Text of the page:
Researchers from the Electronics and Telecommunications Research Institute and Konkuk University in the Republic of Korea have developed graphene enhanced fabrics that are able to detect lethal gases present in the air. The e-fabric alerts the wearer of danger by using an LED indicator. Cotton and polyester yarn is coated with a “nanoglue” known as bovine serum albumin (BSA). The fabric is then wrapped in a layer of graphene oxide sheets.
Graphene is an incredibly strong one-atom-thick layer of carbon, and is known for its excellent conductive properties of heat and electricity. The graphene oxide sheets adhered easily to the nanoglue. Testing showed that the fabrics were able to retain their electrical conducting properties even after a thousand consecutive bending, straightening and washing cycles. Finally, the graphene oxide strands were subjected to a chemical reduction process, which involves the gaining of electrons.
The reduced graphene oxide coated material was found to be particularly effective at detecting nitrogen dioxide which is a pollutant commonly found in vehicle exhaust created as a byproduct of fuel combustion. Nitrogen dioxide exposure can be harmful to human health, causing many respiratory-related illnesses. When the e-fabric is exposed to the nitrogen dioxide, the electrical resistance of the reduced graphene oxide changes.
Just 30 minutes of exposure to 0.25 parts per million of nitrogen dioxide (which is just under five times above the acceptable standard set by the U.S. Environmental Protection Agency) caused the material to elicit a response. The material is three times more sensitive to nitrogen dioxide in the air compared to a reduced graphene oxide sensor that was prepared on flat material.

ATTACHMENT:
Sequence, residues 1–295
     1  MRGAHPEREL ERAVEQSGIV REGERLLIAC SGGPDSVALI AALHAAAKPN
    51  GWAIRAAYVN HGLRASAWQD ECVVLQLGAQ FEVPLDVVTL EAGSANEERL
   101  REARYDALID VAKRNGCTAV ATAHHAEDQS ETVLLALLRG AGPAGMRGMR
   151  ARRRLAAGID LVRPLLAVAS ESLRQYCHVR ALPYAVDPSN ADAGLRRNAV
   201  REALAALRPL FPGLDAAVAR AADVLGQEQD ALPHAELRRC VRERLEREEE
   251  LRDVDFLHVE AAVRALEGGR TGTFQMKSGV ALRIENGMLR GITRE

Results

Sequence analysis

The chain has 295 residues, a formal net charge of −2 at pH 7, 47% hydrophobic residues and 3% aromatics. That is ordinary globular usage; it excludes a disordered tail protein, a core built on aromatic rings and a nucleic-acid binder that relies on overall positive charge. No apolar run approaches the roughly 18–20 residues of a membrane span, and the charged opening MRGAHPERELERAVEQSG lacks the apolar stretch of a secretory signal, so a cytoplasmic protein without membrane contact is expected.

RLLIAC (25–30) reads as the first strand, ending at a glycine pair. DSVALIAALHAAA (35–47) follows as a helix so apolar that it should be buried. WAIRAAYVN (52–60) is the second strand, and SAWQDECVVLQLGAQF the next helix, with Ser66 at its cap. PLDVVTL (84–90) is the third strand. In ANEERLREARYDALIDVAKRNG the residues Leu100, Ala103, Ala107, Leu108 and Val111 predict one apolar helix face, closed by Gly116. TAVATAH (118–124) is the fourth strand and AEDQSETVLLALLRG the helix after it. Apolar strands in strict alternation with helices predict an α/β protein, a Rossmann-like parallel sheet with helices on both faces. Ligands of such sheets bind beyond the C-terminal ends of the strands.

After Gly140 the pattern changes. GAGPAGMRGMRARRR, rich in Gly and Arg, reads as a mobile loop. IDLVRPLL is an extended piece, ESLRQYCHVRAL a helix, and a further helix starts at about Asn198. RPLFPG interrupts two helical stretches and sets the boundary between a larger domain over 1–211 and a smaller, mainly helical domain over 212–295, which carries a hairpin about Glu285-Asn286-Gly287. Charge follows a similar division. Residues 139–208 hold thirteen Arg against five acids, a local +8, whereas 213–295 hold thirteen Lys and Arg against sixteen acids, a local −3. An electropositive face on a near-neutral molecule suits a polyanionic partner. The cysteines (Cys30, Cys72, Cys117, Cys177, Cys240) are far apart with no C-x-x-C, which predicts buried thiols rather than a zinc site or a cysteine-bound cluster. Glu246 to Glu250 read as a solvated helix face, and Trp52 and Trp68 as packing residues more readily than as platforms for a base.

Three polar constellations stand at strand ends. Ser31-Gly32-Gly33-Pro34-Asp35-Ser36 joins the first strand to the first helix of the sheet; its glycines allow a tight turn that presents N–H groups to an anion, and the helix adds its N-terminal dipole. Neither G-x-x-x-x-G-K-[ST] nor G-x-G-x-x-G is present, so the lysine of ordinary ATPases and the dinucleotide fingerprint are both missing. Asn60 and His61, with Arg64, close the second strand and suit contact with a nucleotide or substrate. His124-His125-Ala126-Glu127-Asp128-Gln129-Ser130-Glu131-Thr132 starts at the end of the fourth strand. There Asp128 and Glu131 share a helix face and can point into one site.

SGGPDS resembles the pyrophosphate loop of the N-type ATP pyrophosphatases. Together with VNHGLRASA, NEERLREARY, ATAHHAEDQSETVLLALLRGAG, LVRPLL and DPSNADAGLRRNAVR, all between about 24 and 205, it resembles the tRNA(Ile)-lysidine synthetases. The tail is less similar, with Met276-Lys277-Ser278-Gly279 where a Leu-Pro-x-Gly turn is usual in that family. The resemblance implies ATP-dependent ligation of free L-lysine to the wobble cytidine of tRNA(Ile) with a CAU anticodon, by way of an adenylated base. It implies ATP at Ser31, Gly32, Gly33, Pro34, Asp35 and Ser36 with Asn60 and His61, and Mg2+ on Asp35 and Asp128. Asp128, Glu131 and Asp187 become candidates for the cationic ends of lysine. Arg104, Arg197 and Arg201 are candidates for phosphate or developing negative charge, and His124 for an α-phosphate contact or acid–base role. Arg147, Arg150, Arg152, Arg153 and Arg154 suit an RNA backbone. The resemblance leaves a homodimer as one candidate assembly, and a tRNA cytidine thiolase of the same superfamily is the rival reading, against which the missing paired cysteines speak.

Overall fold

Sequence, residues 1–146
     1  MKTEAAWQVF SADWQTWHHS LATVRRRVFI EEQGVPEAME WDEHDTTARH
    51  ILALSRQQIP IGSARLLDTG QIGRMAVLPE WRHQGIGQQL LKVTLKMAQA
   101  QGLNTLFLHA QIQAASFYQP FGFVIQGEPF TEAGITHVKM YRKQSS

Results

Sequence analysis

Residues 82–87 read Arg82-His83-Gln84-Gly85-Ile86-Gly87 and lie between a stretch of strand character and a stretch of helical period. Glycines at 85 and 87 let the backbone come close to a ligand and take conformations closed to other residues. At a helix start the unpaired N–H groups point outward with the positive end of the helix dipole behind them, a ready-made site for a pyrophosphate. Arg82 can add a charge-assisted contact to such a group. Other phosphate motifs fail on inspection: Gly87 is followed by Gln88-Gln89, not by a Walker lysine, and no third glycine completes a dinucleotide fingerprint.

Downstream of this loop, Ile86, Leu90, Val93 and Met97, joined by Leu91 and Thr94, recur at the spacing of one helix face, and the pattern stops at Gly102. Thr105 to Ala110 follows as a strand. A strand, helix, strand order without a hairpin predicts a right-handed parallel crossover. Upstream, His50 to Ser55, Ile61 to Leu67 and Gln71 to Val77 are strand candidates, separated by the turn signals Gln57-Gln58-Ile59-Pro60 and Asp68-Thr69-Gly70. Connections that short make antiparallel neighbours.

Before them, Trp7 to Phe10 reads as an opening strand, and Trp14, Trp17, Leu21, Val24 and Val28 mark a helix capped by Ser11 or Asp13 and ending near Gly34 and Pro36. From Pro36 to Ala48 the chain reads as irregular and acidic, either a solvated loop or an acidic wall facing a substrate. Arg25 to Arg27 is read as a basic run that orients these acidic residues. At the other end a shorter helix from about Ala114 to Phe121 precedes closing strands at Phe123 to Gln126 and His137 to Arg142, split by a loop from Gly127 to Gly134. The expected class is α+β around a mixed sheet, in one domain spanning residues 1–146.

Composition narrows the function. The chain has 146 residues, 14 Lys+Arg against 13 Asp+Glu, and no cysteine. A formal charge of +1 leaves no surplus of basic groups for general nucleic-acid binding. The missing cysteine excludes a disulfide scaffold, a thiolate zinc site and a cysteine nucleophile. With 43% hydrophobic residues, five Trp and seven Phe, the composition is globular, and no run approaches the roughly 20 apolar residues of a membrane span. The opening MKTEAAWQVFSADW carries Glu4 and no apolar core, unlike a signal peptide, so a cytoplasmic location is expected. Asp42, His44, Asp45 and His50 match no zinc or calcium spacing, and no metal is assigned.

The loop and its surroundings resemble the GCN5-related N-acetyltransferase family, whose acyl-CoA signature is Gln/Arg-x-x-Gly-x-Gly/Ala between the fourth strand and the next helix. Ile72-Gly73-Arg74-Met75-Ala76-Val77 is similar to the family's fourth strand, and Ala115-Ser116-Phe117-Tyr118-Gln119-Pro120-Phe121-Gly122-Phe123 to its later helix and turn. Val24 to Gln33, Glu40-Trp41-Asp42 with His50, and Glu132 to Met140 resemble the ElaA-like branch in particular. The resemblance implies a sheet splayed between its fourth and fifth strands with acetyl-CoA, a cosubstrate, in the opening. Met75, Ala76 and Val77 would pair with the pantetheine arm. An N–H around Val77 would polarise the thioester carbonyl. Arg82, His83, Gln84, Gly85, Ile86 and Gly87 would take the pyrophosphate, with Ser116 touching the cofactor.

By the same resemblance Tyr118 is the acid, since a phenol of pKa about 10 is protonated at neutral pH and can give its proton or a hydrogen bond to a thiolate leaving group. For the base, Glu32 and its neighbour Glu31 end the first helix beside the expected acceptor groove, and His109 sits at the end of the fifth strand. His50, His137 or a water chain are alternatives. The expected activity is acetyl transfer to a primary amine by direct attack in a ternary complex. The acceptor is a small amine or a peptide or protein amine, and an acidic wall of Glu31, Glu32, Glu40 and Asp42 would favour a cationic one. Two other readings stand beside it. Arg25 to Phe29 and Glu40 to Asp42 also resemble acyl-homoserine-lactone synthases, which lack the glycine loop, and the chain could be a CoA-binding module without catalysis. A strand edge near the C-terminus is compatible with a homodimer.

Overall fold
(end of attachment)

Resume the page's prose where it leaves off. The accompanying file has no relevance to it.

Researchers report that the graphene enhanced fabric could be immediately adopted in related industries as the process of coating is relatively simple. Mass production of this material is possible. The safety applications are expansive, and the fabric could become standard safety equipment across many industries like O&G and mining. The material could also be combined with air-purifying filters to act as “smart filters” that could detect and filter harmful gas from air.
“This sensor can bring a significant change to our daily life since it was developed with flexible and widely used fibers, unlike the gas sensors invariably developed with the existing solid substrates,” says Dr. Hyung-Kun Lee, who led this research initiative. The study was published on June 4 in the online edition of Scientific Reports, a journal from the publishers of Nature
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